Lawyers for the Milwaukee Public Schools and the National Association for the Advancement of Colored People last week began presenting arguments in federal district court in their case against 24 suburban school districts and the state of Wisconsin.
The lawsuit filed by the Milwaukee schools in June 1984 charges that the suburban districts and the state have taken actions that have contributed to segregation in the 93,500-student district, the makeup of which is about 54 percent black and 34 percent white. (See Education Week, Jan. 15, 1986.)
Negotiations on a possible out-of-court agreement continued until two days before the trial began, but the parties involved "were unable to come to a settlement,'' according to a spokesman for the city school district.
U.S. District Judge Thomas J. Curran last week warned lawyers in the case not to expect a "hasty'' trial. Lawyers in the case estimate that it may take as long as three months.
Teachers and students at a suburban Los Angeles school that was evacuated last year after a chlorine-gas leak at a nearby chemical plant have gone to court to force the school to close and to seek monetary damages for their injuries.
Twenty-seven students and 16 staff members at the Tweedy Elementary School in South Gate were hospitalized in Feburary of last year following an accident at a Purex bleach plant that released toxic gas into the atmosphere. (See Education Week, March 5, 1986.)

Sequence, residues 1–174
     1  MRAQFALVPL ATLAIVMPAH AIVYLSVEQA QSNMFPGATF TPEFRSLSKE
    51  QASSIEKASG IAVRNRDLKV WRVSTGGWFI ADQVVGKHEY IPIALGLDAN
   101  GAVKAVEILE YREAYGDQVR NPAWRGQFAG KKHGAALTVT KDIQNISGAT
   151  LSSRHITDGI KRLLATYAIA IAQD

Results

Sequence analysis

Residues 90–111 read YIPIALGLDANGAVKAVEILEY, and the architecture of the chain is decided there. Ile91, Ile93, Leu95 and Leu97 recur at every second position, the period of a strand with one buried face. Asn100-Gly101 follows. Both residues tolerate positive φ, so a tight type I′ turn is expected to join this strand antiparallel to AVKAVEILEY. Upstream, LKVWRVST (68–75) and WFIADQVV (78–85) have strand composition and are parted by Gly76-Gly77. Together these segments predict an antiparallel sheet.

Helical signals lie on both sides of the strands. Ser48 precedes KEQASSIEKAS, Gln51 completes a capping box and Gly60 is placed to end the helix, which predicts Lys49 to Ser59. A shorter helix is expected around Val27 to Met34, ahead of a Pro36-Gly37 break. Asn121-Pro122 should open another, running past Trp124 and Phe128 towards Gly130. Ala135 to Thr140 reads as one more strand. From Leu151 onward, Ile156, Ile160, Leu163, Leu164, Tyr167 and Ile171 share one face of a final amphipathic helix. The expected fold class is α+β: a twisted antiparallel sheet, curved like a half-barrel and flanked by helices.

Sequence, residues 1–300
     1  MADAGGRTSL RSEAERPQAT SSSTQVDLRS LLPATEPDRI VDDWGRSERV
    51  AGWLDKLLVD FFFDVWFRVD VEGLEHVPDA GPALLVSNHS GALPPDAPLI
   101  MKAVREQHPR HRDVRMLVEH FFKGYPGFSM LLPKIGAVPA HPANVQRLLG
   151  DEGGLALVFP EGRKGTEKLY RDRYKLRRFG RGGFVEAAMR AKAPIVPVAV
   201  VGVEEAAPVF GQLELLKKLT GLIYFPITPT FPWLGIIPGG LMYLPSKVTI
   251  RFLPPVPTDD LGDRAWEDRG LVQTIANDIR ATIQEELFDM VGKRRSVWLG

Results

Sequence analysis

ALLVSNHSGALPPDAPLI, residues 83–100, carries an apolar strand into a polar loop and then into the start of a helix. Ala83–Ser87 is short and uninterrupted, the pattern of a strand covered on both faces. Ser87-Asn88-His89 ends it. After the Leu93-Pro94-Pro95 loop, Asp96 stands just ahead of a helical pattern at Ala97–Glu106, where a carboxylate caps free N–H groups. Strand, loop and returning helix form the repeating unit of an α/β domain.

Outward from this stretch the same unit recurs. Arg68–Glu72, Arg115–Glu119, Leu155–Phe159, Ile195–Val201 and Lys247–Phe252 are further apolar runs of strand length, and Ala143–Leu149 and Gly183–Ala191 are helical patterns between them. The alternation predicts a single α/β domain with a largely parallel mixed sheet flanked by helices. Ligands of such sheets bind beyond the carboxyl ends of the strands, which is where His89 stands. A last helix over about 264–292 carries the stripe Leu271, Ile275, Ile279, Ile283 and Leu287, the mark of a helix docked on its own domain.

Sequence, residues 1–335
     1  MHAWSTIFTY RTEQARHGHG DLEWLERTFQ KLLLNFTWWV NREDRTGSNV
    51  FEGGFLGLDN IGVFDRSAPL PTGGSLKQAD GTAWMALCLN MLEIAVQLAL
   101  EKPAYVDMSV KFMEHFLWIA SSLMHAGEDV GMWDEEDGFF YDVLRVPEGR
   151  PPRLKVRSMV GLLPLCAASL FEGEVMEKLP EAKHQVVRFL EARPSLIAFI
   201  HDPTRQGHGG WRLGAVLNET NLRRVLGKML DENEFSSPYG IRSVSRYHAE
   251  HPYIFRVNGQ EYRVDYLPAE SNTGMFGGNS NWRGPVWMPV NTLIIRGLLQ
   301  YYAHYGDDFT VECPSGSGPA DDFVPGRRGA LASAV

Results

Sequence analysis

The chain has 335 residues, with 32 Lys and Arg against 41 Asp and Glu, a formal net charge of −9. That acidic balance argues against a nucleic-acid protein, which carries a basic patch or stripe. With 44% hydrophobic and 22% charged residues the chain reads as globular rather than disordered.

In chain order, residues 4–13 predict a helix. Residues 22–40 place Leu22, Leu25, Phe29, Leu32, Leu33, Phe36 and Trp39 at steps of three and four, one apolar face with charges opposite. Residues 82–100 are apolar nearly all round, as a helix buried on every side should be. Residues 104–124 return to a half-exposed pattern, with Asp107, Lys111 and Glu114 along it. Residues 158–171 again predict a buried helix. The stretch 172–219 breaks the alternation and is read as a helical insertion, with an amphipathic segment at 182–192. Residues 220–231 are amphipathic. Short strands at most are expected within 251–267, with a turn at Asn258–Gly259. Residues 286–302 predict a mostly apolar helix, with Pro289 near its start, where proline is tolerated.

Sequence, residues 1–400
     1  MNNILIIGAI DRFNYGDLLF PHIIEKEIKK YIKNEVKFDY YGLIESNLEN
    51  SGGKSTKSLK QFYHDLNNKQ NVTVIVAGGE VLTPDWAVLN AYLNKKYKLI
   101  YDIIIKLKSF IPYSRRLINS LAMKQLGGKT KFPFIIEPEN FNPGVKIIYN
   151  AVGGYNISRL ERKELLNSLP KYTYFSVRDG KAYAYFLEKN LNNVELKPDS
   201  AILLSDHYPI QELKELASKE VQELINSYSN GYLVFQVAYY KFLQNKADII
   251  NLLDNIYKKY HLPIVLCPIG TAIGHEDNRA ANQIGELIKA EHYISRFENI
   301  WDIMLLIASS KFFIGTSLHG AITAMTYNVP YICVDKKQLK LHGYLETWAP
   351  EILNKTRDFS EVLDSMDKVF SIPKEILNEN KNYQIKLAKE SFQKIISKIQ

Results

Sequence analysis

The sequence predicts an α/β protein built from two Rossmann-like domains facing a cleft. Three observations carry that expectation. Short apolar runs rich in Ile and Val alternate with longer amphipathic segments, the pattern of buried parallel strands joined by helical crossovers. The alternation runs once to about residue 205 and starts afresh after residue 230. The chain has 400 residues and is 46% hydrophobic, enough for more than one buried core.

Fourteen teachers at the school filed suit in a state court this month seeking to force the Los Angeles Unified School District to close the school and to build a replacement facility at a safer site. The teachers have also asked the court to require the owners of several plants surrounding the school to cover the cost of the move, according to the plaintiffs' lawyer, Ray Boucher.
Mr. Boucher added that teachers and students who were injured by the gas leak had filed separate suits against the owner of the bleach plant seeking unspecified compensatory and punitive damages. He said his clients had suffered respiratory problems and psychological distress.
The California Board of Education this month voted 9 to 1 against a proposal to allow the community of Lomita to pull out of the Los Angeles Unified School District, a spokesman for the board said.
Proponents of the move to set up a separate district had argued that the school system has neglected Lomita's 2,100 students and three schools.
Last December, the Los Angeles County Committee on School District Organization, a key county education panel, voted 6 to 4 to recommend to the state board that the proposal be approved. (See Education Week, Dec. 17, 1986.)
Los Angeles school officials and Bill Honig, the state's superintendent of public instruction, had opposed the secession bid on the grounds that an independent Lomita district would upset desegregation programs and the racial balance of the current district.